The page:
Tempo Restaurant & Bar is the third restaurant, after Fleurie and Petit Pois, that Executive Chef Brice Cunningham has owned. Tempo showcases French fare with an international twist, offering dishes such as scallops infused with lemongrass, lamb braised in coconut and foie gras with naschi pear. Both the menu and the atmosphere embrace the ‘savoir vivre’ of great food, amazing atmosphere and good friends.
Brice grew up in France and Tahiti and began his professional career in Paris under Alain Ducasse, currently recognized as one of the top chefs in the world. Brice’s father, Stewart Cunningham, also carrying a long career in word-class European restaurants, travelled from France to join Brice in 2011 and together the father-and-son team now run Tempo.
“Tempo” is the underlying beat that stays the same no matter the culture from which it comes, and it is in this vein that the carefully thought-out menu and wine list pays tribute to a dynamic mix of bright and international influences, yet still anchored in the tried-and-true art of French culinary tradition.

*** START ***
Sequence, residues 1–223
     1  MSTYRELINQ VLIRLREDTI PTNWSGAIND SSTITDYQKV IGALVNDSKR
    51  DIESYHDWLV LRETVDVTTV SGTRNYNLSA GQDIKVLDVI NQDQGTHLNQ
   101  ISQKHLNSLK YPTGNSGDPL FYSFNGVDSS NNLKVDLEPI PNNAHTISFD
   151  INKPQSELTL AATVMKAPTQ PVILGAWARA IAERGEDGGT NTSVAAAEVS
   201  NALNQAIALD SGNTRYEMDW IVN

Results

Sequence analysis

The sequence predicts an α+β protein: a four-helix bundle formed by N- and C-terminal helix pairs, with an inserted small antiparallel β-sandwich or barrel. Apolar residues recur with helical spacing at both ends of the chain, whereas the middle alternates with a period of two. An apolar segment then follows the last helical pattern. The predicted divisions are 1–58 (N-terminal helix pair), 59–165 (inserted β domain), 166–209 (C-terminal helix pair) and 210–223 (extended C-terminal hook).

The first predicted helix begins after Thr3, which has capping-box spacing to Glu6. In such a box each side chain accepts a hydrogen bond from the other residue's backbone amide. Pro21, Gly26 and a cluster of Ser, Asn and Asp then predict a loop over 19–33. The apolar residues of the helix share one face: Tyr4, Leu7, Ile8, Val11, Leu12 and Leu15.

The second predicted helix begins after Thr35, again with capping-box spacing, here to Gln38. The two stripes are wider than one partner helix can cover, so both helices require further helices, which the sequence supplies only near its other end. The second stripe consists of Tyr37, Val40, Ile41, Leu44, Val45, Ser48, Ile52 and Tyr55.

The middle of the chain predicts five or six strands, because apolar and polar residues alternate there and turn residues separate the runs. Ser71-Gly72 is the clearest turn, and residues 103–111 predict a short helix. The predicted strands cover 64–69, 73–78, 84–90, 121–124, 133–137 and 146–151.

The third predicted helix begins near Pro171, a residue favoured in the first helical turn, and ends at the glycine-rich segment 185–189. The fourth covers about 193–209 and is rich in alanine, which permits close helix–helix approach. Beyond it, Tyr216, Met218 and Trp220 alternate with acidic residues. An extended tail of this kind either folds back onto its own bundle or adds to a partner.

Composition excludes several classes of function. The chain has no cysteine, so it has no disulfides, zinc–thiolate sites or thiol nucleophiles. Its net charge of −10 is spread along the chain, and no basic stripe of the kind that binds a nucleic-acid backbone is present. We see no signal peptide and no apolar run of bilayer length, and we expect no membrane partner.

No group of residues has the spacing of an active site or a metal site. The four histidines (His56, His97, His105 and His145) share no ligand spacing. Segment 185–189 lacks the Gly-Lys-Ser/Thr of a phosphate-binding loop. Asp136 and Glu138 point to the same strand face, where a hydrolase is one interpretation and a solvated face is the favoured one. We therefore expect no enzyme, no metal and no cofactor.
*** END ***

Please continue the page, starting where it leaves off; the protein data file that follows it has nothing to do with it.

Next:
About the Chef
Brice Cunningham, born in Paris to a French mother and a Scottish father, grew up being fed an array of delicacies that only the French can master feeding their children. When he was 11 years-old, his family moved to Tahiti for six years and he was introduced to a whole new world of exotic tastes, textures and foods – a far cry from the classic French palette, but nonetheless very exciting!
Although already quite adept at pairing, mixing and creating eclectic combinations of culinary delights, Brice started his working career back in Paris at 59 Poincaré under the legendary Alain Ducasse. It was here that he learned the art of professional French cooking, and he hasn’t stopped since.
In 2001, after moving to the United States, Brice opened Fleurie as co-owner and chef. The modest, yet upscale, fine-dining French restaurant nestled off the (then) sleepy Downtown Mall in Charlottesville, VA, turned out to be a hit; receiving national recognition and acclaim. He continued, with his business partner, to open Petit Pois, a more accessible form of Fleurie, but still longed to have a restaurant that spoke to his dynamic background in France, Tahiti and other world travels.